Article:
The Kingdom offers the satisfaction of a crowd-pleasing police procedural -- the mystery is solved; the bad guys are caught -- tempered with the uneasiness of a terrorism thriller. It suggests that evildoers can be tracked down and punished, which is comforting. But it also suggests that if both sides are convinced they're right and are willing to die to prove it, the battle might never end.
It begins with a devastating attack on a housing compound in Riyadh, Saudi Arabia, where American oil company employees and their families live. The Saudi government, after initially insisting that U.S. investigators stay out to avoid looking weak before the Saudi people, grudgingly allows a small team of FBI personnel into Riyadh, just for a few days, and only if they promise to follow instructions.
The team is led by Ronald Fluery (Jamie Foxx), a seasoned FBI commander and CSI-worthy detective, with medical doctor Janet Mayes (Jennifer Garner) and investigators Adam Leavitt (Jason Bateman) and Grant Sykes (Chris Cooper) rounding out the squad. Their Saudi contact is Col. Al-Ghazi (Ashraf Barhom), a military officer who is disgruntled at being saddled with babysitting the FBI. He's more than happy to follow his orders, which are to prevent the FBI from actually doing anything.
His reluctance wears off, of course, and Al-Ghazi and Fluery establish a sort of friendship based on mutual respect as the investigation goes forward. Al-Ghazi is a good man and an observant Muslim who cares for his aging father and genuinely wants to root out the terrorists who have blemished his country's (and his religion's) reputation. His and Fluery's relationship borders on being a buddy cop/odd couple scenario, though fortunately it never quite succumbs to that cliche.
The prime suspect in the attack is Abu Hamza, an "Osama wannabe" whose whereabouts are difficult to ascertain but whose followers are numerous and devoted. After some clever clue finding on the part of the Feds (marbles are a factor), the film shifts into its more suspenseful act, in which militants work to kill the FBI crew if possible, or to thwart their investigation at the least.
This is director Peter Berg's fourth film, following Very Bad Things, the surprisingly entertaining The Rundown, and the mature sports drama Friday Night Lights, and he continues to defy expectations. The Kingdom is packed with information and characters, and features the you-are-there handheld camerawork that can be unnerving when it's overused. It's a smart film with deep themes. Yet Berg allows it to work as entertainment, too. Matthew Michael Carnahan's script finds places for the lead actors to occasionally do what they're best known for, whether it's Jamie Foxx cracking a joke, Jason Bateman being dryly sarcastic, or Chris Cooper giving someone a withering look that indicates he is not interested in any nonsense.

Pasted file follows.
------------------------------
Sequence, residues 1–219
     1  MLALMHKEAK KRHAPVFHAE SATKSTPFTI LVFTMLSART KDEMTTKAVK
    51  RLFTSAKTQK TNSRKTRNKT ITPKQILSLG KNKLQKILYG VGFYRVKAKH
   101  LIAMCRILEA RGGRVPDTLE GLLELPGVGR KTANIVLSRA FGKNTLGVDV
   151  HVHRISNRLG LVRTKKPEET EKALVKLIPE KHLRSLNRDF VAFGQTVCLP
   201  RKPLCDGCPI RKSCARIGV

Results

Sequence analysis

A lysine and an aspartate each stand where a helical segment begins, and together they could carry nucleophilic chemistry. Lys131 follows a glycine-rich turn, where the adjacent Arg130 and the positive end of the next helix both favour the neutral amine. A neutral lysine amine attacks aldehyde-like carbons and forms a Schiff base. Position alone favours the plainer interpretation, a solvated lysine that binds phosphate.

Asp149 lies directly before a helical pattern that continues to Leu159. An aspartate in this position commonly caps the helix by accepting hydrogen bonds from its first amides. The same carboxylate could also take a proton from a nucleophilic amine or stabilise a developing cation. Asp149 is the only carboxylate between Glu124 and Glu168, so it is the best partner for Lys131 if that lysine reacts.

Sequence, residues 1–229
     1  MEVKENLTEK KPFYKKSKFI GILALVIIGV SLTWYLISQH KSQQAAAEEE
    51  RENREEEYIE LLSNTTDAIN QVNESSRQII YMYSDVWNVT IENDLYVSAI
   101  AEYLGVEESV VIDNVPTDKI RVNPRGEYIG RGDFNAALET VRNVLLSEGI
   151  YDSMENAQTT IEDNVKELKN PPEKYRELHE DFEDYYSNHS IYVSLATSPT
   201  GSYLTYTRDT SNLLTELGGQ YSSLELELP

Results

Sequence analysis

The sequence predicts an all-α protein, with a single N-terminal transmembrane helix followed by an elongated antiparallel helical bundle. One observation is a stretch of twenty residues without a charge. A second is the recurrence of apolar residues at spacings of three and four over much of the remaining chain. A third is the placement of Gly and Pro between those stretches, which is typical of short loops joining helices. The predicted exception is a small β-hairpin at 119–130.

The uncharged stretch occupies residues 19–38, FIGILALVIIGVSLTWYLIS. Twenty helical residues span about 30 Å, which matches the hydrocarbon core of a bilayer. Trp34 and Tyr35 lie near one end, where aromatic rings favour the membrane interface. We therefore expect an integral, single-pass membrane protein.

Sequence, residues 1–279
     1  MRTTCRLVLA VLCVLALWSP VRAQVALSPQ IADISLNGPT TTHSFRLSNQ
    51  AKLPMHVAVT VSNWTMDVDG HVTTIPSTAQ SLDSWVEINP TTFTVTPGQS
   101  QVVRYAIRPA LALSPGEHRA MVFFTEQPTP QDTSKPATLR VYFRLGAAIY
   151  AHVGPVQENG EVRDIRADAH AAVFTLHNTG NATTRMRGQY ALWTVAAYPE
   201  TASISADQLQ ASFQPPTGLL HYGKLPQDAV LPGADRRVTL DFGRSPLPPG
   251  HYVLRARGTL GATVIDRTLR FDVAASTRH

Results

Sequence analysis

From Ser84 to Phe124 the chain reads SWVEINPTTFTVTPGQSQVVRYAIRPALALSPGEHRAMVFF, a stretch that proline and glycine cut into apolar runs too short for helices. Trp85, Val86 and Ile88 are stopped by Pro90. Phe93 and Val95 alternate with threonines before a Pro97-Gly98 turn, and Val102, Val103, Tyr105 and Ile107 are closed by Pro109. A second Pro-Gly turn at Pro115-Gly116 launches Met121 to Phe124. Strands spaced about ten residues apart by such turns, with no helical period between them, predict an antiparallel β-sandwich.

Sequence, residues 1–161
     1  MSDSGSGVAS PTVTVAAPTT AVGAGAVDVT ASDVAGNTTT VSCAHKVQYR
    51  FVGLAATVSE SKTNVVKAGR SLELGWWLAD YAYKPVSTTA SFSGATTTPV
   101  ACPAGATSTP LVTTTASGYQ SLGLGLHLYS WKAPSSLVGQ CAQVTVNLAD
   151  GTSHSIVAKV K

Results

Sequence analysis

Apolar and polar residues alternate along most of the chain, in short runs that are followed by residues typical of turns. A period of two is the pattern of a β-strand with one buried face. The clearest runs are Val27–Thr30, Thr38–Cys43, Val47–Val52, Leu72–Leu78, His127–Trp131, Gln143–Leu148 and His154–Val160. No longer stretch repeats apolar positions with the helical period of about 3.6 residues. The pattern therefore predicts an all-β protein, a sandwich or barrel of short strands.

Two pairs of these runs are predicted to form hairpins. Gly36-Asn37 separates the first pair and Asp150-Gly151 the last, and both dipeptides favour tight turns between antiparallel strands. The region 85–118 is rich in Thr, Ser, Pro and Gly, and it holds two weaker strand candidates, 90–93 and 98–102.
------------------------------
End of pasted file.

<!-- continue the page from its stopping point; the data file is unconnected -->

The entire film is effortlessly compelling, with a natural mix of lighter moments, white-knuckle tension and crime-solving nitty-gritty, but it's book ended by two unforgettable scenes. At the beginning is perhaps the most educational opening credit sequence I've ever seen, with swift graphics summarizing the last century of U.S.-Saudi relations. It's not absolutely vital to know all of that before you watch the film, but it certainly enhances the experience.
And at the end of the film is an emotional, haunting denouement that resolves an earlier thread while perfectly encapsulating the film's message. The last line of dialogue in a movie is almost never very important, so you notice it all the more when it is. This one stayed with me for days. So did the rest of the movie.
* * * * *
Eric D. Snider (website) swears he was nowhere near Riyadh on the day of the attacks.